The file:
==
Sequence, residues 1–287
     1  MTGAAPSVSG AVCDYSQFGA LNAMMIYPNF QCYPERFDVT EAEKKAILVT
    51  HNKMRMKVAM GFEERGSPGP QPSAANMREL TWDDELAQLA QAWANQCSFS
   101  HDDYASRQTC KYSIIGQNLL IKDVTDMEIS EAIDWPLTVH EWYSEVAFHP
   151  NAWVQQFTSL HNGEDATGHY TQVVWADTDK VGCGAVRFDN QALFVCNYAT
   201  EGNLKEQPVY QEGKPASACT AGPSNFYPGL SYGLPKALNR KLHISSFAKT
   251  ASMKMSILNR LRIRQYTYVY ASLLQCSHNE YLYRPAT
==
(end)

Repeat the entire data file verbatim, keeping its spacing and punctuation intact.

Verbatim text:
Sequence, residues 1–287
     1  MTGAAPSVSG AVCDYSQFGA LNAMMIYPNF QCYPERFDVT EAEKKAILVT
    51  HNKMRMKVAM GFEERGSPGP QPSAANMREL TWDDELAQLA QAWANQCSFS
   101  HDDYASRQTC KYSIIGQNLL IKDVTDMEIS EAIDWPLTVH EWYSEVAFHP
   151  NAWVQQFTSL HNGEDATGHY TQVVWADTDK VGCGAVRFDN QALFVCNYAT
   201  EGNLKEQPVY QEGKPASACT AGPSNFYPGL SYGLPKALNR KLHISSFAKT
   251  ASMKMSILNR LRIRQYTYVY ASLLQCSHNE YLYRPAT